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December 11, 2013

State Tax Relief Commission report yields ideas

Local, state leaders hope proposals can help individuals, businesses

PLATTSBURGH — The State Tax Relief Commission’s final report offers several measures that could benefit North Country residents, including a two-year tax freeze.

“Taxes are crushing all New Yorkers, and any legitimate tax relief in any form by the governor will be much appreciated,” City of Plattsburgh Mayor Donald Kasprzak said.

Gov. Andrew Cuomo’s Tax Relief Commission report was issued Tuesday. 

5 KEY POINTS

Chaired by former Gov. George E. Pataki and former Comptroller H. Carl McCall, the commission offered five key recommendations for lowering the tax burden on individuals and businesses and helping to spur economic growth.

▶ A two-year freeze on property taxes for homeowners in municipalities that meet the state’s 2 percent tax cap.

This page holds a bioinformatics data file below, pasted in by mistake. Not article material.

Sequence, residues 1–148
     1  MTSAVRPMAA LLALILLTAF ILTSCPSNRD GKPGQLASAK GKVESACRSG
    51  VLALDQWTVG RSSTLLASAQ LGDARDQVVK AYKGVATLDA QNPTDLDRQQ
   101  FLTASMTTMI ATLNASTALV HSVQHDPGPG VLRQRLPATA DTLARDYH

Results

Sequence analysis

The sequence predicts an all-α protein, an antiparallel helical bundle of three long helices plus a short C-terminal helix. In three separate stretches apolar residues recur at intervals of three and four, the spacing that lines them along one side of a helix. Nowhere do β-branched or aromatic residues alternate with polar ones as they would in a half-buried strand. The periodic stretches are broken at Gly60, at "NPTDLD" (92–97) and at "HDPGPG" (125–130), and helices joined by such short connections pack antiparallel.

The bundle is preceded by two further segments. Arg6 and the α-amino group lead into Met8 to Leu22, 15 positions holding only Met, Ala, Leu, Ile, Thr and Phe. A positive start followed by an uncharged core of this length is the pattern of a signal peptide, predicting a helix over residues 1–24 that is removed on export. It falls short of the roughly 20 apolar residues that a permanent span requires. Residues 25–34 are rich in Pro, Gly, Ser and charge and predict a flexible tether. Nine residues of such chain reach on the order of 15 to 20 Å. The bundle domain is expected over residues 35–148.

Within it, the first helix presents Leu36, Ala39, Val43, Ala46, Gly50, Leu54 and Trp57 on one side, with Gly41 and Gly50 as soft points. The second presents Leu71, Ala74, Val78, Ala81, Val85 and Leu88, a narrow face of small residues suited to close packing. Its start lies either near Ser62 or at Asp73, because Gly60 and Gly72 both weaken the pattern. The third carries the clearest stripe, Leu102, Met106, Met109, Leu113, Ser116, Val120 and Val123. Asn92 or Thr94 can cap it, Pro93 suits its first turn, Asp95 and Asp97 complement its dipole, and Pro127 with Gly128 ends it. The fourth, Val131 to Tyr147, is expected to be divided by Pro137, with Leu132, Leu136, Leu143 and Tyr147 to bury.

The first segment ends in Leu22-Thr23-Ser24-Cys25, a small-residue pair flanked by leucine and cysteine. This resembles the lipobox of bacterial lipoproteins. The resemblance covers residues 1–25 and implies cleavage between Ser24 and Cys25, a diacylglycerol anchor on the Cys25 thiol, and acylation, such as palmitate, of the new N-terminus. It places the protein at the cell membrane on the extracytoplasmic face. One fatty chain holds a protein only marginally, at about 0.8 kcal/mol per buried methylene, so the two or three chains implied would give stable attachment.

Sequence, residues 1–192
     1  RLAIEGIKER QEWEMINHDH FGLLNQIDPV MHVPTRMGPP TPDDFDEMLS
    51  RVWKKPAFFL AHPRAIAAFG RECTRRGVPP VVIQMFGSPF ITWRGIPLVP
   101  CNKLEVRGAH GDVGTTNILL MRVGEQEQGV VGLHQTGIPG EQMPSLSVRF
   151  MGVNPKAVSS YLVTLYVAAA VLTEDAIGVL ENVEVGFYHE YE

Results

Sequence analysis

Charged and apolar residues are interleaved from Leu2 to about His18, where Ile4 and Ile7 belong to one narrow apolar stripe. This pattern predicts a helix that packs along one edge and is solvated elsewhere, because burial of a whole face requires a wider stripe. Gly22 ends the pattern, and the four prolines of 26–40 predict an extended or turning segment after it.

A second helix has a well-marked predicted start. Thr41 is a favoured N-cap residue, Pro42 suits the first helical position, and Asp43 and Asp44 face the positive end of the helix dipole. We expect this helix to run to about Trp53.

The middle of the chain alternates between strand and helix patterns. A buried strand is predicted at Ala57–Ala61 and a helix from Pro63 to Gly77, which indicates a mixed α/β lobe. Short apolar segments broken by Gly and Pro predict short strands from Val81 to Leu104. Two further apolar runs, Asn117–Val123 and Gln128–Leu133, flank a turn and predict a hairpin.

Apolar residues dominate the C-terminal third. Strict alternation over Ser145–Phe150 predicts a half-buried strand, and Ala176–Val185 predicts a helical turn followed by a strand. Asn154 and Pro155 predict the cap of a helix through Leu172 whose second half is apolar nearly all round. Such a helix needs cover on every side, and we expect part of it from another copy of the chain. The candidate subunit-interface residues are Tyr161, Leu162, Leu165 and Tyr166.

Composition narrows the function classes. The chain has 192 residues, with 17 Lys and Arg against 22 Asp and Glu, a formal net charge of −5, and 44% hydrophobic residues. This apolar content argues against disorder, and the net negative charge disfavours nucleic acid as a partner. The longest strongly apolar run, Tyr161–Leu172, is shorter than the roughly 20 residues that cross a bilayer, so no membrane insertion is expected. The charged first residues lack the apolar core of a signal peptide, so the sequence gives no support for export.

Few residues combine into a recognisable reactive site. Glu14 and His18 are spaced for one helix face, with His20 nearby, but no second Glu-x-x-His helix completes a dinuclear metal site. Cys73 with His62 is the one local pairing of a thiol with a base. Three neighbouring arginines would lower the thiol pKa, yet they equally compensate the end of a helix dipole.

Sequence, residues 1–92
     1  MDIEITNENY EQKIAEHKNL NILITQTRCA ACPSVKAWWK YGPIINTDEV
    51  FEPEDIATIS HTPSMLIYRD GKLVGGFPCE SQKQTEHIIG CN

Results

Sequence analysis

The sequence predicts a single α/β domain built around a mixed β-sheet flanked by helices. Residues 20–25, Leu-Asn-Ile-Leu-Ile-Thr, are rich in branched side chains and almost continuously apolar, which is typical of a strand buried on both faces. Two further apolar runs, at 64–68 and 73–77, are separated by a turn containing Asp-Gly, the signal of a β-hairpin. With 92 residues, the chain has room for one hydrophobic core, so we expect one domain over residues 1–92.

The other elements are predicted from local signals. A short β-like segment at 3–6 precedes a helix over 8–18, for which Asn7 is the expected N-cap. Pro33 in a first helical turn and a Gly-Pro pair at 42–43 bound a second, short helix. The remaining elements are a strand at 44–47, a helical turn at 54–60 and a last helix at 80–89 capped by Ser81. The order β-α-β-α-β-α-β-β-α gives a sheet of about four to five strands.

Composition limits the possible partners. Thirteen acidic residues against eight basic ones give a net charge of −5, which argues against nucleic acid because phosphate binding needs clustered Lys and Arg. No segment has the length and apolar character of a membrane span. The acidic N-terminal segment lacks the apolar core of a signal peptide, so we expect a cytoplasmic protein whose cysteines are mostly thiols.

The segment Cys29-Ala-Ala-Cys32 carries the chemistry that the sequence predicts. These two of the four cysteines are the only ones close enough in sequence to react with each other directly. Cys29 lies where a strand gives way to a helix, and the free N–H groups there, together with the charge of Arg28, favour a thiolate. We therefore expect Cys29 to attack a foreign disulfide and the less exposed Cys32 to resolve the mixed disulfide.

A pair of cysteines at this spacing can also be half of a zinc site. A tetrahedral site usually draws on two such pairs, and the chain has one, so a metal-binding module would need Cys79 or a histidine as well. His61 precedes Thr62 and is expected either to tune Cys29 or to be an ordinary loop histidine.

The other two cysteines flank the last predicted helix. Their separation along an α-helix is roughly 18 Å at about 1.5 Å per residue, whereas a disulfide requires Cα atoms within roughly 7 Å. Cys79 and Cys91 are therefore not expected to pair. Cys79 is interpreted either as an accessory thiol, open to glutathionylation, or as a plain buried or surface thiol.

The state would provide a tax rebate equal to the amount of the increase in a homeowner’s tax bill, which would effectively freeze taxes for them at their 2014 levels for two years.

▶ A program that would target real-property tax relief based on an individual homeowner’s ability to pay.

Given that tax burdens decrease as income rises, a relief program could be structured to provide a greater proportion of benefits to those with the highest burdens as a share of their income, the report said.

This idea is also known as a “property-tax circuit breaker.”

▶ Tax relief for businesses in the form of combining the corporate-franchise and banking-franchise taxes and lowering the corporate income-tax rate from 7.1 to 6.5 percent.

▶ Accelerate the elimination of a utility surcharge.

The 18-A surcharge is slated to be phased out by 2018, but the commission recommends it be taken out now.

The surcharge can amount to as much as $30,000 per year for some large businesses, up to $540 for small businesses and up to $55 per year for individuals.

▶ Reform estate taxes.

The plan would reduce the top estate tax from 16 to 10 percent.

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